Issue #54


This Irreplaceable Known


Alana Erickson

It’s Saturday night at an old wooden table the color of sweet caramel. A large bowl with 

paintings of green reindeer around the edge holds your dinner. You savor the taste of steak, though the cattle are right outside the fence line (awaiting grain or lawn clippings). Your grandmother takes her time laying sheets down in the extra room, where there’s a high-up window that you can’t see out of, but she leaves it open to hear the wind. She hums the light whistle of the breeze and the pine trees rejoice in its calling, waving back and forth, doing their best to send a greeting. 

Grandma sits in a chair and whispers Twinkle, twinkle little star, how I wonder what you 

are, You stare over her shoulder out of the high-up window—the one you can’t reach—and you wonder how many stars there are and if your grandma is saying that you are a star, and if they are close enough for humans to touch. The wind howls and the house creaks low as the night mingles with your imagination. You think of the coyotes and if they could come inside, if they would chase you, and you listen to the coos and hoots of barn swallows and owls. 

The early hours of dawn etch pink clouds over Mount Baker and his friends, the twin 

sisters, and you wonder just how far away they all could be. You imagine dinosaurs stepping along the ridges hundreds of years before, or even thousands, but you cannot count to one thousand, so you can only wonder. Maybe they are still here and humans just can’t see them. Maybe birds fly overhead for Christmas time and only they can see them, but humans can’t. 

You lift your thin body from beneath a quilt, patterned in flowers of lavenders and 

yellows. You pick at the loose strings around the sunflower and wish you were allowed scissors to cut them off. The door knob clicks. It’s your grandfather. You hold tight next to him in your polka dot pajamas and follow him in this way through the garage with firewood stack, across the dewy yard, into the shop of a million screwdrivers and car parts. He unlocks the shop door with the press of a foot on a panel and the clang of a lock against the metal frame. It echoes boldly and slides upward like the folding of a three-piece lawn chair.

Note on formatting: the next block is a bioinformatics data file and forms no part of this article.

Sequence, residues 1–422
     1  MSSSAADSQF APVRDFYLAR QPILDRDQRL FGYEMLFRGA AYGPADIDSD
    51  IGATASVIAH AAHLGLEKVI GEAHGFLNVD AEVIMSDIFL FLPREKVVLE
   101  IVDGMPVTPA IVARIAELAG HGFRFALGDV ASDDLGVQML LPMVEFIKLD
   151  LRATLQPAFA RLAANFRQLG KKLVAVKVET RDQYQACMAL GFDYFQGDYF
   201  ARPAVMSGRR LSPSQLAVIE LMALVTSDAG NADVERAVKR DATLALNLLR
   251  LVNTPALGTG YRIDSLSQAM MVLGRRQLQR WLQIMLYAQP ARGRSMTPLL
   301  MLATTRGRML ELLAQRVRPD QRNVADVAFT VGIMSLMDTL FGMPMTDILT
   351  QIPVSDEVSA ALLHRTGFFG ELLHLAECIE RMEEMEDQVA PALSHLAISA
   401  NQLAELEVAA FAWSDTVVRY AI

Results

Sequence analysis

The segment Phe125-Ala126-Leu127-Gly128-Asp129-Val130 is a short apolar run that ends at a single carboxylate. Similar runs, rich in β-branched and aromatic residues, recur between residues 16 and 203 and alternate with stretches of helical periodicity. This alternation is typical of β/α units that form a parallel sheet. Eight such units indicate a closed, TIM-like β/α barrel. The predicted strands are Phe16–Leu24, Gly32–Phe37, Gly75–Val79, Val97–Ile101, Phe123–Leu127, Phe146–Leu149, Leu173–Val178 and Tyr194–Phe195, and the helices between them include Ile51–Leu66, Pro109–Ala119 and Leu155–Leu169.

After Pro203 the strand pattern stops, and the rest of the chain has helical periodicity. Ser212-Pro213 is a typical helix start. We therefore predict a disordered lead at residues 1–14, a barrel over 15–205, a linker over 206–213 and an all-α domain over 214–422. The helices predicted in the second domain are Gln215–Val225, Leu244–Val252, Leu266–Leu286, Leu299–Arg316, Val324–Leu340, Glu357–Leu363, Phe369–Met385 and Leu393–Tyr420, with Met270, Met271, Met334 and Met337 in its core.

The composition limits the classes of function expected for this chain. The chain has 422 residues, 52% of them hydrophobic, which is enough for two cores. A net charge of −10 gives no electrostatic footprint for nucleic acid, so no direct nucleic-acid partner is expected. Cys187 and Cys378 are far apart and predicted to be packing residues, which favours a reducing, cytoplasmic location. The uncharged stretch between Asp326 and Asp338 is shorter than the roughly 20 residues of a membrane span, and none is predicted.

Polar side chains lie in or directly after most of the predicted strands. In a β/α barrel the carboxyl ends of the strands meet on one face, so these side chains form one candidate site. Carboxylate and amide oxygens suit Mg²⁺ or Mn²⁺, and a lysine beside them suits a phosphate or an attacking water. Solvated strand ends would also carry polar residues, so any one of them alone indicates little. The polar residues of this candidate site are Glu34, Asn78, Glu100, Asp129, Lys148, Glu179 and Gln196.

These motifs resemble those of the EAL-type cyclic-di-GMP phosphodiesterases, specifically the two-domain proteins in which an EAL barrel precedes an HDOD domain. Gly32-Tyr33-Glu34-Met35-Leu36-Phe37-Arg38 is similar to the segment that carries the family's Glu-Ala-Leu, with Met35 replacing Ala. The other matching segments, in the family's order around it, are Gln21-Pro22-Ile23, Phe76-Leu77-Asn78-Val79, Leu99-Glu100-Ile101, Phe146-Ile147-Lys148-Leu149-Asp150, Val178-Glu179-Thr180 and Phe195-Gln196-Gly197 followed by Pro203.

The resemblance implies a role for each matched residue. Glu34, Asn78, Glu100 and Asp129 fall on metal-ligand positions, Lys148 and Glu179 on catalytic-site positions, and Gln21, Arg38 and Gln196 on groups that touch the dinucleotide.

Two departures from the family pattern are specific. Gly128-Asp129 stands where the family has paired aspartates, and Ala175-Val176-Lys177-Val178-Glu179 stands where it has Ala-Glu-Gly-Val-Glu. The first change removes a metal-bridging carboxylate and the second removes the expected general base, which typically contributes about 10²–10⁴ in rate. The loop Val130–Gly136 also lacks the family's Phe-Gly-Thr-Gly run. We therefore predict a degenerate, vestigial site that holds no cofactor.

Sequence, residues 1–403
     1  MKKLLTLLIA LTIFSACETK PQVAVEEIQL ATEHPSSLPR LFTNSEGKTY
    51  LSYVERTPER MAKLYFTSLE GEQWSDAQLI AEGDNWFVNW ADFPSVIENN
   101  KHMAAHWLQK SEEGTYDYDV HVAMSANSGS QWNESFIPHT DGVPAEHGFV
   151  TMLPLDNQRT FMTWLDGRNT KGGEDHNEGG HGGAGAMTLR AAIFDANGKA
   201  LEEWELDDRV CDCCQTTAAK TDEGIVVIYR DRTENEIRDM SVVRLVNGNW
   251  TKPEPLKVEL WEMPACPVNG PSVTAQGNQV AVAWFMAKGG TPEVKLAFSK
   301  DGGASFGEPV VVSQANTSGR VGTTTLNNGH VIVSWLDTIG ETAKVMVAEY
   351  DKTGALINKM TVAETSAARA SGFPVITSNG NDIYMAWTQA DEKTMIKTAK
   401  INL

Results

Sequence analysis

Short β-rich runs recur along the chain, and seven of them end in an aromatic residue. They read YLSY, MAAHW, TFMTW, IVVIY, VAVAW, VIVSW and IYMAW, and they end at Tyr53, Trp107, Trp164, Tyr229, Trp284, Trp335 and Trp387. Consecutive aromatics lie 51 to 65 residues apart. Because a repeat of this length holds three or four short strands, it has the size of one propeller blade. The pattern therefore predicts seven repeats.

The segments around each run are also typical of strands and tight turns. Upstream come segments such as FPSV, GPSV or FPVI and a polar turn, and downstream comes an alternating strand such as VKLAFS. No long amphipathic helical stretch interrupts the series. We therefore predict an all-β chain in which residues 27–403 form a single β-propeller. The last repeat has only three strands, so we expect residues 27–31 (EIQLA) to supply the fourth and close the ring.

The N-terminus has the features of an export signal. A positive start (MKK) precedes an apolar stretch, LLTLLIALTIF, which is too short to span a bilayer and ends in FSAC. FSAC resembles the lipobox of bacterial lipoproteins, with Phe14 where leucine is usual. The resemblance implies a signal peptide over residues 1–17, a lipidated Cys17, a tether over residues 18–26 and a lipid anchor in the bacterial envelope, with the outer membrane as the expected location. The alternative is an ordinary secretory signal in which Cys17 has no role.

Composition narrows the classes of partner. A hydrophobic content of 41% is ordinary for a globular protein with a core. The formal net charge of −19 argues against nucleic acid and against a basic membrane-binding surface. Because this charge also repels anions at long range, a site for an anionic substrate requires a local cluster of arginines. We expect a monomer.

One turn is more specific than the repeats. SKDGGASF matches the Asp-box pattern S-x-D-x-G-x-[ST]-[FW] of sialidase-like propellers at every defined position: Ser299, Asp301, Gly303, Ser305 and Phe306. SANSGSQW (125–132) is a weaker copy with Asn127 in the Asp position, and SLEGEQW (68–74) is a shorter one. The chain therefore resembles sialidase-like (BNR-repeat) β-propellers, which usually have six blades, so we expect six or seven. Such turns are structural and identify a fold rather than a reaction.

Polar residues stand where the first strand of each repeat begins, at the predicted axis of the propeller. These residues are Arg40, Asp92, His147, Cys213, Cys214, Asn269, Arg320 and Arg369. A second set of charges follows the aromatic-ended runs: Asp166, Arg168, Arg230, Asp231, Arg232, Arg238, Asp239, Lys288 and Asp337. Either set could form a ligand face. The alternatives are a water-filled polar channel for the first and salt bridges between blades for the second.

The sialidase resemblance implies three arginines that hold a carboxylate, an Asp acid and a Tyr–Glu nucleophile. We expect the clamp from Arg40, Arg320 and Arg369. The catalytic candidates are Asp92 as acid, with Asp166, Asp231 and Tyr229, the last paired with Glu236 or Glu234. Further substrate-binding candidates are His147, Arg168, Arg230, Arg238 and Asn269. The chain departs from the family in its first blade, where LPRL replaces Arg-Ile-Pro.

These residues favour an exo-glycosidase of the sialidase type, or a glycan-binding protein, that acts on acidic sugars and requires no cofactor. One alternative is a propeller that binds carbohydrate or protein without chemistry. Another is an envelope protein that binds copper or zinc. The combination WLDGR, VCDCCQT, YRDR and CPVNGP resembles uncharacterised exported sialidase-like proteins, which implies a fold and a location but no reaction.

Your grandfather carves into the dirt of the woods with the help of your dog, 

black and yellow with circle eyebrows, known by “Kiddo,” but not by breed. Again, you are following hot on their tails. A giant moth the size of your hand disguises itself with the tree, and you wonder if it knows that it is known, or that its wings share the eyes of a cat. The trail opens to the gravel, and you head North with the company of mossy fence posts. 

You reach your hand into the yellow mailbox for Sunday’s paper, carrying it in both 

arms. There is a section for ads. You’re allowed a pair of scissors to cut out the ones of animals for sale in the city. You pin each on the cork board in your papa’s shop and stare at the photos because they remind you of the barn kittens you saw. Your grandfather lends a plate and some milk to set outside the wood pile. You wait in the fog for the kittens, but none appear, so you wander back across the gravel, across the lawn, ducking underneath the sheets which are hanging damp on the clothesline. 

Sitting in your grandfather’s green recliner, the cattle pass slowly and the fields ripple 

fast, and you wonder if they hear words when you moo back at them, or if you are speaking their language wrong and they are so confused that they can only keep bellowing, hoping you will eventually understand. And you long for nothing but to listen, and to know.


Mother Lost Her Tongue